In September, Firefox announced that it would block all third-party cookies and tracking by default. This means that any third-party scripts on a website would not be able to send information back to its source. In the simplest terms, this default protection would mean advertisers could not track your web browser activity and then use this information for ad targeting. This immediately raised concern for many marketers and small businesses who rely on this type of data.
Additionally, not all third-party cookies are advertising; many website analytical tools use third party scripts you can add to your website to track things like page views and visitor demographics. However, Firefox by default blocks all of these. This also raised concerned with Google Analytics because the setup requires adding outside script code to your website. Marketers and business owners alike appreciate Google Analytics to report page visits, actions, and visitor data. How does Firefox’s new default policy impact Google Analytics and retargeting ads?
Google Analytics uses both first-party cookies and third-party cookies. After the initial set up of Google Analytics, Google creates a first-party cookie for your website. Firefox’s update affects only specific metrics of Google Analytics. You can still report if someone using the Firefox browser visited your site and track website visits. However, detailed metrics like visitor age demographics won’t be available. Thus, traffic data will be affected.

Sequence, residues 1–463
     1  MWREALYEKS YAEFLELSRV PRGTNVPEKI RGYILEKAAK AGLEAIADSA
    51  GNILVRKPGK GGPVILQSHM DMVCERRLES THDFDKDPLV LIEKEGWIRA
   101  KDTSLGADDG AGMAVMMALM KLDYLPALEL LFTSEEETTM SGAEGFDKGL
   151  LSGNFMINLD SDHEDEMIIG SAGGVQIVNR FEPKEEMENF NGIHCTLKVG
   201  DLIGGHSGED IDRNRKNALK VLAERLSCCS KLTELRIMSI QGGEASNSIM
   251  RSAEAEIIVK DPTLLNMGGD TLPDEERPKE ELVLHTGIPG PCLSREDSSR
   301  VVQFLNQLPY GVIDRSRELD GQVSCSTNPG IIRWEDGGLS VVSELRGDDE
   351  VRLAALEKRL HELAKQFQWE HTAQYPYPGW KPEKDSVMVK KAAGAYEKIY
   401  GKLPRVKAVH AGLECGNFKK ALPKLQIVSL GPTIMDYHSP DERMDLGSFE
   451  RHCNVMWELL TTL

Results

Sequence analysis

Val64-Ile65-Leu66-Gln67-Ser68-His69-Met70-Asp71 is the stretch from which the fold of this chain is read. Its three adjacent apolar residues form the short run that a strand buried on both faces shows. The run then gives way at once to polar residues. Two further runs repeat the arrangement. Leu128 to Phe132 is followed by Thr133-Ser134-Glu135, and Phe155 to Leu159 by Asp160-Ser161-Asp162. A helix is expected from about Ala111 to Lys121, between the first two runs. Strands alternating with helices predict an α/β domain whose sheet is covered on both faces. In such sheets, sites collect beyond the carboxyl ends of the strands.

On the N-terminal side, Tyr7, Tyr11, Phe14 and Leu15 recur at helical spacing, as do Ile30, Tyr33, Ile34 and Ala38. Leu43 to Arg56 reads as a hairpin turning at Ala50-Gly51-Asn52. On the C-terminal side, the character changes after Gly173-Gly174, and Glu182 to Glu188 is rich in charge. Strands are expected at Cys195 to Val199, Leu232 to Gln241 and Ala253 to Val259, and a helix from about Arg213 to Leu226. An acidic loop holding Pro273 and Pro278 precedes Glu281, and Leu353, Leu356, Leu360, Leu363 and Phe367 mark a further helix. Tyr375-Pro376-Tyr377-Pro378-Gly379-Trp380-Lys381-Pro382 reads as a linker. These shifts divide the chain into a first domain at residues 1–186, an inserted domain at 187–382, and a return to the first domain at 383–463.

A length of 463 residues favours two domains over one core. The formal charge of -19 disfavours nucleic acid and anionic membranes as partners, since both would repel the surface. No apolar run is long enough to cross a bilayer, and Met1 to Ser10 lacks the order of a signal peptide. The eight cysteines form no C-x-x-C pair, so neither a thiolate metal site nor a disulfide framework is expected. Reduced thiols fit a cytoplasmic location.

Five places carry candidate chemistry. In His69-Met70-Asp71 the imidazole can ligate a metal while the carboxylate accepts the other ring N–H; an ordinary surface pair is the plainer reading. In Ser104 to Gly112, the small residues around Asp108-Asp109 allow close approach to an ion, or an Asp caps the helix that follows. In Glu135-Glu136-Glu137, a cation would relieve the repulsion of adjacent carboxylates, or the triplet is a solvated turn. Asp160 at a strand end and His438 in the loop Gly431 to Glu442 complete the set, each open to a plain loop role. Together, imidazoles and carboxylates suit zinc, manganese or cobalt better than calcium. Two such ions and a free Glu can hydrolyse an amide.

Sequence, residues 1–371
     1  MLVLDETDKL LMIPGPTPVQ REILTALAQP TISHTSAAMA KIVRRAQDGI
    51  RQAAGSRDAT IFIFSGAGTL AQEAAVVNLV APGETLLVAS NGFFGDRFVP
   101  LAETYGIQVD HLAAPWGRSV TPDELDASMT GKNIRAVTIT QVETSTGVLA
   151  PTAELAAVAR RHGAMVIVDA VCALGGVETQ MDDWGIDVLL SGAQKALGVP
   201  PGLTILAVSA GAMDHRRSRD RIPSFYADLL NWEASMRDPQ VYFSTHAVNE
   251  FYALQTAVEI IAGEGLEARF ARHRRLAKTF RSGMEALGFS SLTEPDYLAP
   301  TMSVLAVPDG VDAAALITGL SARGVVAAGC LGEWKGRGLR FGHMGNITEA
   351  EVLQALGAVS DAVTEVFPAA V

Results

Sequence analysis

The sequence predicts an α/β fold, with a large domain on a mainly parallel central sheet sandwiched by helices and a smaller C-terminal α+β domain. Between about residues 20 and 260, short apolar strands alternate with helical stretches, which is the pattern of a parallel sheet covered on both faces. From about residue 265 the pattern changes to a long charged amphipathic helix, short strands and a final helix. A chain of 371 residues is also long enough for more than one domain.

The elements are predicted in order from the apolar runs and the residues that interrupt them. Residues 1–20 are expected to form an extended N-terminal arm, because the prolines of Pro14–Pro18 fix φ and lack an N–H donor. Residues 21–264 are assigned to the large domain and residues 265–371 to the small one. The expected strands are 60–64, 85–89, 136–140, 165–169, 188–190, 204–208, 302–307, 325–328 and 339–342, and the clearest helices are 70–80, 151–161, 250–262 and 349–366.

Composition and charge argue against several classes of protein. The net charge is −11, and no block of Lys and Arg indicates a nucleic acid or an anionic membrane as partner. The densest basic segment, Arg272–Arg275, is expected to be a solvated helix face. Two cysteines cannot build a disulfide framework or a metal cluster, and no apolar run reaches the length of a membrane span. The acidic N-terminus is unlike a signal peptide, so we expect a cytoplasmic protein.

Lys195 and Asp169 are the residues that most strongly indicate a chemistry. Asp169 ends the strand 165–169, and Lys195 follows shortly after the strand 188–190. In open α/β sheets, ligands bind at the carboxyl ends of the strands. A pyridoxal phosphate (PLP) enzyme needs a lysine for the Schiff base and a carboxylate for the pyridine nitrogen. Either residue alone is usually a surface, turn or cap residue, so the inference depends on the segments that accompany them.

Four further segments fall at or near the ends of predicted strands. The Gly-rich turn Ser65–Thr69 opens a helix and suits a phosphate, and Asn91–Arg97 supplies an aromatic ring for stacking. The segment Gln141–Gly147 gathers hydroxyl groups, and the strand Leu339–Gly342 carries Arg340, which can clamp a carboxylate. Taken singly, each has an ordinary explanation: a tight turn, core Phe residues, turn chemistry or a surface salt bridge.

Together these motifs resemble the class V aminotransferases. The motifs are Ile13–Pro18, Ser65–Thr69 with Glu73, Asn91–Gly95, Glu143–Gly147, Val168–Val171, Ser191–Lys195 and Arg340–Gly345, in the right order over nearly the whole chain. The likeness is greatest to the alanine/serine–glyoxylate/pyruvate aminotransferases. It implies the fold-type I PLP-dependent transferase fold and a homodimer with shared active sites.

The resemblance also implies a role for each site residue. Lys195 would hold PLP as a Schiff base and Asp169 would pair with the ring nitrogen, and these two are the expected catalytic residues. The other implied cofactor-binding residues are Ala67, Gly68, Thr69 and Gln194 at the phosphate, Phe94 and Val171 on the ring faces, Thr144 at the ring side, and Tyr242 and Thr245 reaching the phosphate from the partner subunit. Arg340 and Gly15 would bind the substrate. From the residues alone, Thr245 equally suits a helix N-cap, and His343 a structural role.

It is important to note that about 9% of internet users use Firefox. The third-party blocking setting will not completely offset your website analytics or marketing ventures. To get a better feel of web browsers, your website visitors use, go into Google Analytics Reports. Navigate to audience >> technology >> Browser & OS. This section will show you the browsers used by visitors to your website or app.
Third-party advertising solutions like Google Ads and Facebook Pixel are not like Google Analytics. All features of Facebook third-party tracking are disallowed by default. If you are using third-party scripts on your website to retarget visitors with ads on another site or platform, you will miss out on Firefox users.
As mentioned before, it is a good idea to see how many of your visitors use Firefox. If you have a high percentage of Firefox users, you may need to take a different marketing approaching than retargeting ads. Retargeting advertising has its place, but it is not the only effective marketing strategy. Search ads, algorithm interest targeting, and retargeting within social media platforms (such as users who have interacted with your posts) are excellent methods to succeed with digital advertising.
For further discussion on this of topic on Firefox, Google Analytics, and retargeting advertising, watch our latest Marketing Minute Live Session! We walked through how to use Google Analytics to see what browsers your website visitors use and look into other forms of digital ads.